Aedes hensilli

Aedes hensilli is a mosquito species originally collected in 1945 on Ulithi atoll in the Caroline Islands of the western Pacific Ocean, about 191 km (103 nautical mi) east of Yap State.[1] It is the most abundant and widespread Aedes (Stegomyia) species mosquito in Yap State, the only Aedes (Stegomyia) species on Woleai, and the only species of mosquito present on Eauripik.[2]

Aedes hensilli
Scientific classification
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A. hensilli
Binomial name
Aedes hensilli
Farner, 1945

The specific epithet recognizes the collector of the type specimens, Dr. George S. Hensill.[1]

EcologyEdit

Larvae of Ae. hensilli develop in empty coconut shells, tree holes, and bamboo, and in artificial containers such as tin cans, discarded drums, barrels, bottles, tires, tarps, and floats; larvae were not found in leaf axils of pandanus trees or in taro plants.[1] Water barrels used to collect rainwater are major contributors to mosquito production due to the high number of larvae and pupae hosted in them.[3]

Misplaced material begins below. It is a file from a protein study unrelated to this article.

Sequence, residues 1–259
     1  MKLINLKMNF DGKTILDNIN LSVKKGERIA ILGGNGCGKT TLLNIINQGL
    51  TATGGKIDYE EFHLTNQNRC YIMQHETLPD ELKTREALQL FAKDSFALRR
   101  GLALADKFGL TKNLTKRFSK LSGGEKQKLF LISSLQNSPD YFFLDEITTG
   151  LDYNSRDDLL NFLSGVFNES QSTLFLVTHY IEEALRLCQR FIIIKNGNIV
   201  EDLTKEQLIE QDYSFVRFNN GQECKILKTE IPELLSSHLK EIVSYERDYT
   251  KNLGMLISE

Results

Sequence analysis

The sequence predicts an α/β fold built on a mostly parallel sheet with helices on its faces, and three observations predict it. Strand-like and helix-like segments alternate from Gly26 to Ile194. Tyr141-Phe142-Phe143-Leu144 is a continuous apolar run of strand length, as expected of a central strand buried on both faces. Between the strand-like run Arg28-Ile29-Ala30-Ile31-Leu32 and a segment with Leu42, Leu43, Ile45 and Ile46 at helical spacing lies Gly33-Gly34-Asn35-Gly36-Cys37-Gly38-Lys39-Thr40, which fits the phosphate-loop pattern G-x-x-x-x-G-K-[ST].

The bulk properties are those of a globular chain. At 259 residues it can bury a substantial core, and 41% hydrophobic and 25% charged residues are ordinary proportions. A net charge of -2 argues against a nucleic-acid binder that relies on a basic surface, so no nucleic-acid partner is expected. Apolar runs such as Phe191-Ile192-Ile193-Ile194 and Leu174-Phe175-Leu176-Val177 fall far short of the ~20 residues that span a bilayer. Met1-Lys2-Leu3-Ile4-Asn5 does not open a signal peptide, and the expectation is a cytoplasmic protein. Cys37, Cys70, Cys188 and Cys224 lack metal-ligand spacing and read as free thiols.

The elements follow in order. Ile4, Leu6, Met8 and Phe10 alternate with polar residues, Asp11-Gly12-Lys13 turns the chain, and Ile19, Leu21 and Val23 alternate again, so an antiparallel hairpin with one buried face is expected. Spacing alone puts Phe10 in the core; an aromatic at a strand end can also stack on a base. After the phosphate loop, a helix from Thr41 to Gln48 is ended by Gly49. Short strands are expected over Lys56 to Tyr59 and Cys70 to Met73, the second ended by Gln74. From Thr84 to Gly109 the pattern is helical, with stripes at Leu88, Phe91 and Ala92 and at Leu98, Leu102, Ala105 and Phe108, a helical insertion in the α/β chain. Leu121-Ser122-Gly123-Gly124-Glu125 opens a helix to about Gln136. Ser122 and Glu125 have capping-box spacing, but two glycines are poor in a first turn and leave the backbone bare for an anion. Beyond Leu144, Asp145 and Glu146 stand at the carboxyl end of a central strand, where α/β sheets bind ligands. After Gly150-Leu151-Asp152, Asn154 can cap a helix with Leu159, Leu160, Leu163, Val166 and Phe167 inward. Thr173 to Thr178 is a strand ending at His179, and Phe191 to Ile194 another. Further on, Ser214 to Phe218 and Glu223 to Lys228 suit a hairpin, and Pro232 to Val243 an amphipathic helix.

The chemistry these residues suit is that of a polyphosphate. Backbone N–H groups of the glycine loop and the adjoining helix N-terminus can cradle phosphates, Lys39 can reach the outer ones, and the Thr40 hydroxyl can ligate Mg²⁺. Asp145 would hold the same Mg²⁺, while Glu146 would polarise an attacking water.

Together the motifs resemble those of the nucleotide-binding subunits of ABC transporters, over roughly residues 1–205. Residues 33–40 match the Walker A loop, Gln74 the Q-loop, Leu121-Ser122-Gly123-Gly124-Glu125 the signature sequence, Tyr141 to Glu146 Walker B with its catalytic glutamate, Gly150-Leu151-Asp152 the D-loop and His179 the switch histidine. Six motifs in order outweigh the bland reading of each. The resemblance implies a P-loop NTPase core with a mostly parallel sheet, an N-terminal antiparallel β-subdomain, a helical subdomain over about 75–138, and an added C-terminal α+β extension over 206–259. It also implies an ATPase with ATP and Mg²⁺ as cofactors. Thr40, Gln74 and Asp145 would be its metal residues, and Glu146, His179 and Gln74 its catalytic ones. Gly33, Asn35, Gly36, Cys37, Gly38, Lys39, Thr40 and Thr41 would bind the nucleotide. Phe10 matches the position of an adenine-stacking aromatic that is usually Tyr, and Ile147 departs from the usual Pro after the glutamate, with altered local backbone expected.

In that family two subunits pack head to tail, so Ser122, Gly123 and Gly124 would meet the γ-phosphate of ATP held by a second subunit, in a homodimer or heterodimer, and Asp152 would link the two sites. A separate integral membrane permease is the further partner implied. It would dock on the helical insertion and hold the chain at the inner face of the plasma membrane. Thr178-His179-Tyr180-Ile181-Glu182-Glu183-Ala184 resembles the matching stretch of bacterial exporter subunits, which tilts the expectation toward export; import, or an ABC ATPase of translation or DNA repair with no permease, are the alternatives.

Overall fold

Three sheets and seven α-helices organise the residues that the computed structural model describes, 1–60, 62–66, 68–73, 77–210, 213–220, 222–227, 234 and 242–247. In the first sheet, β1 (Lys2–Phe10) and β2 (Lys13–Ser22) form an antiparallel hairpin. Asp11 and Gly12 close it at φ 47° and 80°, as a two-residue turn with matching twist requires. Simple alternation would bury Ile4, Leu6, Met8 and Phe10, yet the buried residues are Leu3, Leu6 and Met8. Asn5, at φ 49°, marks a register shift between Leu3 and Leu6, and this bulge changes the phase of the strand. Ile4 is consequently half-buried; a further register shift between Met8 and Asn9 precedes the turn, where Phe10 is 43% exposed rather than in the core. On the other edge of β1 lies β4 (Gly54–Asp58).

The adults are active primarily at dusk.[1]

Medical importanceEdit

Ae. hensilli is a potential vector of dengue virus[2] and Zika virus[3] and laboratory studies have indicated that it could play a role in transmitting other medically important arboviruses [3]

ReferencesEdit

  1. ^ a b c d D. S. Farner, Lieutenant (JG), H(S), USNR. 1945. A New Species of Aedes from the Caroline Islands (Diptera, Culicidae). Proceedings of the Biological Society of Washington, 58 (May 7, 1945): 59-62.
  2. ^ a b Fritz, C L; Savage, H M; Yolwa, A; Gubler, D J; Vorndam, V; Rutstein, D (1 April 1998). "Epidemic of dengue-4 virus in Yap State, Federated States of Micronesia, and implication of Aedes hensilli as an epidemic vector". The American Journal of Tropical Medicine and Hygiene. pp. 519–524. doi:10.4269/ajtmh.1998.58.519. PMID 9574802.
  3. ^ a b c Ledermann, Jeremy P.; Guillaumot, Laurent; Yug, Lawrence; Saweyog, Steven C.; Tided, Mary (9 October 2014). "Aedes hensilli as a Potential Vector of Chikungunya and Zika Viruses". PLoS Neglected Tropical Diseases. pp. e3188. doi:10.1371/journal.pntd.0003188.